Auditing is a crucial tool for reducing information asymmetries, particularly between a company’s administrative and executive bodies and its internal and external stakeholders. The work of auditors in the areas of financial and non-financial reporting, corporate governance, compliance and risk management is demanding and requires expertise across multiple disciplines. This expertise also comes into play in the advisory field, meaning that multidisciplinary audit and advisory firms can offer high quality services across the board now and in the future.
- In order for auditors to adequately perform an assurance engagement, they require extensive knowledge of the company and its strategies, processes, market environment and much more.
- Auditors acquire such knowledge primarily through their audit practice, but beyond this it is also obtained through the performance of advisory services.
- Moreover, advisory expertise and new advisory content and methods are driving the further development of audit services, while also supporting audit-related issues.
- Modern auditors are increasingly required to act as companies’ business experts; they are points of contact for the company management on various corporate issues and key persons of trust with an objective, external perspective.
- Robust independence requirements ensure that no conflicts of interest arise between audit and advisory. Disclosure and reporting requirements ensure clarity and transparency.
Multiple disciplines: audit, assurance and advisory expertise
By auditing, investigating and verifying information, processes and diverse business issues, the audit profession generates added value for companies, public authorities and society as a whole.
In both the private and public sectors, auditors and the services they provide create a robust basis of trust – for investors, lenders, customers and clients, tax authorities, social insurers and other social stakeholders.
Auditors thus work to build trust in companies, economic systems and regulatory authorities. This foundation ensures that markets can grow, investments are made and the economy as a whole is able to prosper.
Auditing annual financial statements is the most important trust-building service provided by auditors. With the rising demand for corporate social responsibility, the increasing legal and regulatory requirements pertaining to economic activity and the risks of digitisation, auditors now also perform further high-responsibility tasks (assurance services). These cover a variety of areas such as compliance, fraud and corruption prevention, governance, IT security and sustainability. In all of these fields, auditors are able to create trust through their assurance services, thanks to their expertise and their independent, external perspective.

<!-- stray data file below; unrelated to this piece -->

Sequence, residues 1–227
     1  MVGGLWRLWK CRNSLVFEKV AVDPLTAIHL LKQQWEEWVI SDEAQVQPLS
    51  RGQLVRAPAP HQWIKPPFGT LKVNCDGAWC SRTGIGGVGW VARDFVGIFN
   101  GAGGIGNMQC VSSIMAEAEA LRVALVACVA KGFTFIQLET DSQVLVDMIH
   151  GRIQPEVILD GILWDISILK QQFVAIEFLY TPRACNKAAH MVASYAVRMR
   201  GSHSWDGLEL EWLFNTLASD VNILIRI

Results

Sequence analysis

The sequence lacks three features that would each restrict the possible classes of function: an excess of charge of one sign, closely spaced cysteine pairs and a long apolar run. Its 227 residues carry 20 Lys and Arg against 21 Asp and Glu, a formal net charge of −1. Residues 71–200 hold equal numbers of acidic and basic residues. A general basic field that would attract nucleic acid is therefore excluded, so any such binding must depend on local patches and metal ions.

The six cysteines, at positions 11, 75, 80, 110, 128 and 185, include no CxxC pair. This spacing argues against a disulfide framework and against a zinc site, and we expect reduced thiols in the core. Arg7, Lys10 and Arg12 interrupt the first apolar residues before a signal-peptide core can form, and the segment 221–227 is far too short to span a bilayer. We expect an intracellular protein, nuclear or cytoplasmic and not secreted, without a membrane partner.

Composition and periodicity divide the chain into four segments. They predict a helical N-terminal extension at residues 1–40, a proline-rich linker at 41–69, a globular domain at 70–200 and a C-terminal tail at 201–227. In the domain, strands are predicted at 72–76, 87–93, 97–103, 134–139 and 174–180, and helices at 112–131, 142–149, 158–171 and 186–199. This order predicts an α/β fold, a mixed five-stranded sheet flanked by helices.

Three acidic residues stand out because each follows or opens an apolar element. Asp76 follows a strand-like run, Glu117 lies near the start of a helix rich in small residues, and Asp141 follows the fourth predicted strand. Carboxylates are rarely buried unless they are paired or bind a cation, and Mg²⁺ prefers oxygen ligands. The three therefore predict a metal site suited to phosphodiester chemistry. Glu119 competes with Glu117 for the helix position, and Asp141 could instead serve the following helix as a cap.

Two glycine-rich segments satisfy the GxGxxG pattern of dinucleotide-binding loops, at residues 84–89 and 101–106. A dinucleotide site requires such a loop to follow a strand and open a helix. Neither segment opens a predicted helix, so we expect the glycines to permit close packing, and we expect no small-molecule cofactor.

Their comprehensive industry and technical expertise enables members of the profession to advise their clients across the entire company life cycle as sparring partners and experts – while maintaining objectivity and the appropriate critical distance at all times – with regard to business operations, tax and strategic planning (advisory). This may involve advising on restructuring or providing support on corporate transactions (in the form of company valuations, for example).
The expertise and experience gathered and honed by providing these advisory services in turn enable auditors to execute their audit mandates in a more targeted and risk-oriented manner.
How compatible are audit and advisory services from a single source?
Markets and companies are developing at an unprecedented rate. This is increasing the complexity of financial statement audits and other assurance services and puts high demands on audit and advisory expertise. The industry – particularly the big audit and advisory firms – have reacted to this trend by offering expertise in multiple fields and specialist teams.
For financial reasons, companies want to be able to use the same multidisciplinary provider to meet various needs. This is both sensible and possible and is very clearly regulated. The profession is subject to rigorous regulation in the form of restrictive legal approval conditions and explicit independence requirements. In addition, the industry has imposed a strict Code of Conduct and Professional Rules, which require that auditors avoid any relationships or conduct that could jeopardise their professional decision-making autonomy or impartiality in the performance of their work.
Provided that auditors do not create circumstances in the context of an advisory mandate that they will later be required to evaluate – from an audit perspective – in the context of an audit mandate, audit and advisory do not preclude one another. Plus, to avoid conflicts of interest, the acceptance of an advisory mandate by the auditor requires express approval on the part of both the client and the audit firm through the client’s board of directors and the compliance department of the audit firm.
It is only permissible to offer a client audit and advisory services regarding the same matter if the client is an SME and the audit firm observes a strict separation policy with respect to staff and its organisation. This requirement has been explicitly put in place by lawmakers to enable SMEs, which are so important for the Swiss economy, to use their auditor as a sparring partner for business issues.
The compatibility of audit and advisory in different audit segments and the existing safeguards are shown in the figure below.